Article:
Saturday, April 18, 2015

The Passing of Macky: Life Is Uncertain. Death Is For Sure.

Sharon Johnston Park Campground, New Market, Alabama       Seven precious months passed in my sweet brother's life after we raced to the southeast from Washington state to north Alabama last summer. After spending several weeks near his home and seeing his slow but steady recovery, we moved on to our winter destination in Florida. Then in mid-march, we began the northward trek back into the area.

 A more healthy Macky and Me - October 2010
A bit of his medical history: The cardiologists had no other options available for Macky and they prepared (over prepared, really) him for death. One of them went so far last September as to say "You could live two days or two months" but Macky defied their well educated guesses and enjoyed another college football season, Thanksgiving, Christmas and New Year. We also were so blessed to enjoy an autumn family reunion while we were at the campground near his home. Over the winter he gained thirty pounds that were muscle, not water retention, and enjoyed being with family, attending more than a few of his granddaughter's high school basketball games. God is good and we are thankful for that extra precious time.

But late in March, Macky's body started again to build fluid and our telephone visits sometime had to be shortened because I could sense he was running out of breath. In early April, after a troubling visit to the congestive heart failure clinic, he was admitted to the hospital where fluid was drained and he returned home in about three days. That night, he fainted several times, but his defibrillator shocked his heart into some last, slow but steady beats.

A few days later, he enjoyed a final Easter with his wife, children and grandchildren. A week later, he was gone, dying in his sleep on the sofa in the living room. Donna and Shannon were with him. He was 64.

We were still in Gulf Shores, Alabama when I received word of Macky's death. It rained all day that day. Early the next morning, we pulled out and headed north where, once again, I asked my friend, Marilyn, to drive to Sharon Johnston Park Campground and get a spot secured for us. This is the campground that doesn't take credit cards and won't hold reservations without payment. As she had done last fall, Marilyn, drove to the campground, paid the fee and made sure we would be able to get into the park if we arrived after dark. It was raining here too, but allowed a break for us to set up the campsite.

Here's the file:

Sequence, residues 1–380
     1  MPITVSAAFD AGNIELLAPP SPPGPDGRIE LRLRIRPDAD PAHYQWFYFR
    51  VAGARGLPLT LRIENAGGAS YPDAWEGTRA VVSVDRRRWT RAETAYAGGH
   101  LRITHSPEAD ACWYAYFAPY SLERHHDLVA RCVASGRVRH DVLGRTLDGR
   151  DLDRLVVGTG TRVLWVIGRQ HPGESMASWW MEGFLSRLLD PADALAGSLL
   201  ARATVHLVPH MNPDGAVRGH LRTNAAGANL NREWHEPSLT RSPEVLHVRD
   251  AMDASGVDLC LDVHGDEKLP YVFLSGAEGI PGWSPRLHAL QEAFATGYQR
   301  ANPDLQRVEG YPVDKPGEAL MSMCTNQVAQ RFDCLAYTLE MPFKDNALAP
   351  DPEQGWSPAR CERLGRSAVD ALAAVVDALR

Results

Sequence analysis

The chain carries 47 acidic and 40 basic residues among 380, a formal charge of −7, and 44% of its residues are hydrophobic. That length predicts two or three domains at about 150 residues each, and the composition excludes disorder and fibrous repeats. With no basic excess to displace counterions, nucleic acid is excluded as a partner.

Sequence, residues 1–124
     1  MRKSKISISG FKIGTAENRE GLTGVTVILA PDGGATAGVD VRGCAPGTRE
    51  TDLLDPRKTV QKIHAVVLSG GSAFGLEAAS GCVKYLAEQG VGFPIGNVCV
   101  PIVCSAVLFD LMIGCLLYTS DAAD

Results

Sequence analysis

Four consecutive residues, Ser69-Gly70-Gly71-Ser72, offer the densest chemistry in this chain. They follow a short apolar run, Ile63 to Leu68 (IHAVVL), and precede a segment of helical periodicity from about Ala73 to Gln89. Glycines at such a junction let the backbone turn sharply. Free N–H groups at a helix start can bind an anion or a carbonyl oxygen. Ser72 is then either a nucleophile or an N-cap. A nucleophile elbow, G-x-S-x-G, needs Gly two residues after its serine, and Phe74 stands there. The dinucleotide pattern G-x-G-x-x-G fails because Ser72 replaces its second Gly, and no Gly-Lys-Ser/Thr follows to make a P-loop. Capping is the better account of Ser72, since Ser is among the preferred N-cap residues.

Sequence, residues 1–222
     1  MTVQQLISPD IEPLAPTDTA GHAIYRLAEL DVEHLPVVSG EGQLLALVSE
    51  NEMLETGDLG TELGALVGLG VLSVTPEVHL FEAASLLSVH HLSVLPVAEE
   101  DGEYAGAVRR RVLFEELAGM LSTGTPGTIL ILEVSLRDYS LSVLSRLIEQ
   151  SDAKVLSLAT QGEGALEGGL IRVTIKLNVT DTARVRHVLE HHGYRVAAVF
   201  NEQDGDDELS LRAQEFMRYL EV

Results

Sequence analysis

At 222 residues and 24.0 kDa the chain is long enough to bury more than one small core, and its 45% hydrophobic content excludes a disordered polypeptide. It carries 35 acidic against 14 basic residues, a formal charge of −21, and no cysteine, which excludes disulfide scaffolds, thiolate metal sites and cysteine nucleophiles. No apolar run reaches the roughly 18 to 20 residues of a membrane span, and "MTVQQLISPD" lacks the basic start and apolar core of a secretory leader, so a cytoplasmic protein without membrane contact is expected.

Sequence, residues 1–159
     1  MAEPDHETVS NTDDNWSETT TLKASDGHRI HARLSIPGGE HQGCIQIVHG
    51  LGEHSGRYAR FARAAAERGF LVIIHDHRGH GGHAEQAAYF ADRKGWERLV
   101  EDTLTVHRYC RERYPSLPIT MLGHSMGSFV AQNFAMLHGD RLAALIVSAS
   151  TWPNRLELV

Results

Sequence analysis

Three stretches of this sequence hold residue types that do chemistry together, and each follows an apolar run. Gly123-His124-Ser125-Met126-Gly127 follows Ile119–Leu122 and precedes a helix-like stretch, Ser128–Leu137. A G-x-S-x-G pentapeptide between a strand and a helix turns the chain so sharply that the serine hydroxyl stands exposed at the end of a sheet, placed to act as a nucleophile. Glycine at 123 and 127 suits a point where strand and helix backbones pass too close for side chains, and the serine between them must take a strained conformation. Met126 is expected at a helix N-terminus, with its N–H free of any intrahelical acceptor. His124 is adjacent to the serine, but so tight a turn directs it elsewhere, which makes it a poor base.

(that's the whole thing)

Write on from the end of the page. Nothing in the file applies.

Two rainy days later, following a kind and knowing eulogy by his pastor, Macky was laid to rest at the cemetery by the church where he and Donna were married. At the funeral home, the room was filled with crimson flowers honoring his love of University of Alabama football.  A bright red tie with University of Alabama "A's" was tied neatly at his throat.  Donna and Sherrie selected dozens of wonderful photos to be looped over and over again during family visitation.  Friends and family came and shared our grief.  The local bank president came by as did an old friend of Wayne's who lives in Huntsville and had met Macky once though we did not know it until now.

He was gone. The rain gave way again long enough for the burial. The air was cold though and I was glad I had several layers of clothes. I was reminded, as we made the long drive from the funeral home to the cemetery, of the southern way of stopping one's vehicle anytime a funeral procession is along the road. Not just private automobiles, mind you, but commercial vehicles and school buses too. This tradition gave me some comfort and reminded me why I proud to be from the South.

By some strange coincidence, our cousin on our Father's side and his wife were in town for a visit with their daughter, who lives in Huntsville. I let them know of Macky's death and the funeral services and they came, of course. I was thrilled to get to spend time with Louis, his wife, Rhonda and their daughter, Wesley, who it turned out, is a rocket scientist in Huntsville. Louis had not seen Macky in more than 40 years but his presence was so meaningful to me.

Wayne, Rhonda, me, Louis and Wesley
Following the burial, as is common in the south, a grand meal, prepared by the neighbors, was laid out for the family. Louis, Rhonda and Wesley joined us and were welcomed into Donna's family.  It was a bad day with a good wrinkle.

Donna, Sherrie, Shannon, Donna's Mother and Father. 
Rest in peace, brother.

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